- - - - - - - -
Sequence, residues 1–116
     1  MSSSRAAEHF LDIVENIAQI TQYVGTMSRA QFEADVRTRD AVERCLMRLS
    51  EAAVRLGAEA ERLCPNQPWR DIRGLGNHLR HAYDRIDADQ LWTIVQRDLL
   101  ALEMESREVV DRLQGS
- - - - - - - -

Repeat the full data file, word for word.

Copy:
Sequence, residues 1–116
     1  MSSSRAAEHF LDIVENIAQI TQYVGTMSRA QFEADVRTRD AVERCLMRLS
    51  EAAVRLGAEA ERLCPNQPWR DIRGLGNHLR HAYDRIDADQ LWTIVQRDLL
   101  ALEMESREVV DRLQGS